Perhaps for this reason, many of us struggle to take emotional or experiential difficulties seriously. Mental health is facing an uphill battle in trying to achieve some equivalence to physical health. For example, depression patients the world over deal with people earnestly asking why they can’t “just be happy”, but cancer patients rarely get asked why they can’t “just stop the tumor cells multiplying”. The disparity is a little ignorant but not entirely stupid. If we adopt the right mindset, we can be confident that our moods, thoughts, and behaviors will improve; it is just difficult to find and stick to that mindset when all you can see is a world of pessimistic grey. Indeed, even cancer patients might benefit from adopting a more positive mindset, but it would be pretty heartless and counterproductive to tell a cancer patient to “cheer up”.
Misinformed questions and a lack of empathy are not the only problem. We should be just as wary of excessive sensitivity about the effects of psychology. If you suggest to a friend suffering from some kind of pain that “perhaps your issue has a psychological component you can work on”, you might well be met with a gaping mouth of horror, as if you have accused them of fakery, being crazy, or “not having a real problem”. In everyday conversation, both too little and too much sensitivity are an agony to behold. Only with a sufficient level of openness and realism will we properly appraise the conditions of our mind.
Compared to the attention we pay to keeping our bodies healthy, we spend relatively little energy keeping our minds healthy. When something goes sufficiently wrong, we might decide to see a therapist, but often the problem has become too big to easily resolve, and our problems may stretch beyond even the best therapist’s expertise. Why do we treat our minds so unfairly? Well for a start, the concept of ‘mind’ is far less tangible than ‘body’. We can define it like I did earlier in relating it to the phrase ‘subjective experience’, but we still can’t exactly pick it up and give it a shake. We can see and touch the body. It all makes perfect sense. We’ve hunted other animals for millions of years, and we see what happens to them when their skin is punctured and their hearts stop beating. The mind and its vulnerabilities remain more personal and elusive. Some people verbally equate it with the ‘brain’, in an effort to simplify the problem. After all, the brain is made up of physical biological tissue, just like the heart. But this misses the mark. Of course the brain and its interactions with the rest of the body produce the mind, much like the heart produces a beat or the vocal cords produce a voice. But this does not make the organ and its product the same thing; we can still distinguish between them and it is useful to describe them individually. It is helpful to talk about what a voice sounds like, but not what the vocal cords sound like, and in the same way, we can helpfully talk about features of the brain and mind as distinct but inextricably linked objects.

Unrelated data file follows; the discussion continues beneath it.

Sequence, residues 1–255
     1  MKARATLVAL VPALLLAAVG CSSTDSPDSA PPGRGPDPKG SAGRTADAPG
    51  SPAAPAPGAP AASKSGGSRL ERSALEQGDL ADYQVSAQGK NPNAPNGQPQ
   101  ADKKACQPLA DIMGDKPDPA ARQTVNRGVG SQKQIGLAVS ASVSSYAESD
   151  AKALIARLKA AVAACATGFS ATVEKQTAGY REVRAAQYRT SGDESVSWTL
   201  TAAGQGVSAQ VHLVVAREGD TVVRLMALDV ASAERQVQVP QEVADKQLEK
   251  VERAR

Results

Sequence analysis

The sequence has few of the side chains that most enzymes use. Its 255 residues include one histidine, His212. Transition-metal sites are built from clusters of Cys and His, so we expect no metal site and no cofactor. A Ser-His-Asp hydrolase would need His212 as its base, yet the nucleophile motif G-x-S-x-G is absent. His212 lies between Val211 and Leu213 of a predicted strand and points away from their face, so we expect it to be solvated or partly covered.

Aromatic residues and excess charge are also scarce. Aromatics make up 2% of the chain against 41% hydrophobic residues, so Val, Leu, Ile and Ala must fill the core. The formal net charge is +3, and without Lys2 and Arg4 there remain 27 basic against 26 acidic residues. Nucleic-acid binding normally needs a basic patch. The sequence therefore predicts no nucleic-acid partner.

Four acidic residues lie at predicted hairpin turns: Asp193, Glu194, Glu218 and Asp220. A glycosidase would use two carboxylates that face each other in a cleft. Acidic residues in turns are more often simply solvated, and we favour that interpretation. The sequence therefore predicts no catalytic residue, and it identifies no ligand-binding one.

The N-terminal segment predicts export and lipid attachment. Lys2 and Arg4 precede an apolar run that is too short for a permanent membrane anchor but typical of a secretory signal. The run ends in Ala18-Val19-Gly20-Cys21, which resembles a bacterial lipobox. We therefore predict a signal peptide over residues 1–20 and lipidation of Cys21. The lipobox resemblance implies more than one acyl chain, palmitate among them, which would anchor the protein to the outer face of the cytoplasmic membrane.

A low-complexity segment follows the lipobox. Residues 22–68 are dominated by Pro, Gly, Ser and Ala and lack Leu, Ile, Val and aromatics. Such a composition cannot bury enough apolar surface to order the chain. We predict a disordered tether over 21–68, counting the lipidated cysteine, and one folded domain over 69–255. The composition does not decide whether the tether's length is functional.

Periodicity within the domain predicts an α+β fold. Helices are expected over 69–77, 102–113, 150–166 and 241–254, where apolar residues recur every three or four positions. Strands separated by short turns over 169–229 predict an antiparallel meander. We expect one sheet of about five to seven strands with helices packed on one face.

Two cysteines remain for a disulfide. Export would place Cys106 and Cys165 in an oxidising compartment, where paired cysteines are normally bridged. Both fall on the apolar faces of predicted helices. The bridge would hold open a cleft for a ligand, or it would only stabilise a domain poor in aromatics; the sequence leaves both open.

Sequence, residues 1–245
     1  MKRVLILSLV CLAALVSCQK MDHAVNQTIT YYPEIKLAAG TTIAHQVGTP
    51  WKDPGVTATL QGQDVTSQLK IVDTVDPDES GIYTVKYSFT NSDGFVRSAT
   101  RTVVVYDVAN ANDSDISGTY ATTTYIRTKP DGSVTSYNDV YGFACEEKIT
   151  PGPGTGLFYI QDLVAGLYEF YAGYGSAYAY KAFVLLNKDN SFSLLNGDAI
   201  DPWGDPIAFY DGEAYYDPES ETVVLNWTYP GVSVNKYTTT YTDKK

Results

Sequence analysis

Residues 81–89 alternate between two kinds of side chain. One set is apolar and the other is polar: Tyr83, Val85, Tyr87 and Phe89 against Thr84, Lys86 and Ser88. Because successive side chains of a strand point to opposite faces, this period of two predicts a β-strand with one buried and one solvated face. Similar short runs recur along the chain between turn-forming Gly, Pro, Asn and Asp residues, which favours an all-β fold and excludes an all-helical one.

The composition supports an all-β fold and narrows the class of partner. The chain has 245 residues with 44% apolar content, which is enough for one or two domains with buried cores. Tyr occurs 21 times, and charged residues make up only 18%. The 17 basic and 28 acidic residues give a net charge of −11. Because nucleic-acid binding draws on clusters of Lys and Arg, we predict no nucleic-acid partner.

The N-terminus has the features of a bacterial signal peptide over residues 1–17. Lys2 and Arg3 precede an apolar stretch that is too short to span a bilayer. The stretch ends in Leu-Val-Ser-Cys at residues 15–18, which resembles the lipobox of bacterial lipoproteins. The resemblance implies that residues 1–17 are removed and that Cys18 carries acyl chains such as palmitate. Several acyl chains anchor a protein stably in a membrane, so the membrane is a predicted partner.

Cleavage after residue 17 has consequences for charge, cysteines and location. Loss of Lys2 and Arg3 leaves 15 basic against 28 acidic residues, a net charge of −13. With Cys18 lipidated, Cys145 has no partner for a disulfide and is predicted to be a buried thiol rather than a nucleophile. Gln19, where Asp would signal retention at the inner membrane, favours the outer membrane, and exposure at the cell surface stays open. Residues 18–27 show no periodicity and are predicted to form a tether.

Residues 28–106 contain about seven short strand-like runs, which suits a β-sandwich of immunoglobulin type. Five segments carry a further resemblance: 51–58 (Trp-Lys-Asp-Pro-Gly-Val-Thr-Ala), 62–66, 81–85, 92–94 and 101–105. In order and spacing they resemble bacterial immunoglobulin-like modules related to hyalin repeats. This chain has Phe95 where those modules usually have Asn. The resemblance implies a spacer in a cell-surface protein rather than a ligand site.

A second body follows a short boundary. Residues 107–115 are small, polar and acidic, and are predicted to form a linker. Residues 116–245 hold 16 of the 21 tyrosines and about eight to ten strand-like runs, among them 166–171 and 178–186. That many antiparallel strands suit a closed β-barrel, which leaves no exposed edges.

Another group of people give the mind far too mysterious a status. They elevate it to an immaterial force separate from the body, rather like the souls and spirits that many of the world’s religions describe. Naturally, this also does little to help us understand its functions and foibles in a way that relates to physical health. To be clear, all the evidence we have strongly suggests that the brain directly produces the mind; to talk about them separately is not to acknowledge any supernatural theory for the mind. We do not know everything about human bodies and experiences yet, and we are always learning. But this is no excuse to accept all manner of bizarre theories as equal in quality. Some ideas are more reasonable than others, and we can only judge them based on the best evidence we currently have. Starting along the route of “science doesn’t know everything so maybe I am right” leads us down a rabbit hole where we need to accept the possibility of literally anything: vampires, leprechauns, Apollo, Xenu, the Flying Spaghetti Monster, invisible space poodles, and anything else that you, I, or the kids next door make up.
For now, we can reasonably assume that the brain and body are biological machines that evolved to produce the property of mind, and this mind helps us successfully navigate the world today. Throughout this book, I will talk specifically about that biologically adapted product of mind, but if you want to be my friend, don’t accuse me of believing in supernatural spirits or souls. As a neuroscientist, I will of course talk about the brain frequently, but I will also regularly describe and discuss the mind without immediate recourse to explicitly describing what some neurons happen to be doing underneath it. It is not delusion, fantasy, or New Age self-help to talk about curing and enhancing our minds (ok, maybe ‘curing’ is going a bit far). Mental wellbeing is about having the capacity to be regularly happy, calm, quick-thinking, eager, reflective, confident, diligent, attentive, and generally feeling good. It’s about maintaining a range of diverse subjective experiences that are positive for our health, productivity, and quality of life.
In the next post, I will lay out exactly what I mean by ‘mental wellbeing’. You might be thinking “where the hell is all the stuff about improving my mind?”. Sorry, like I said, there are no quick fixes.
Next blog post: What is mental wellbeing? Wow, just WOW.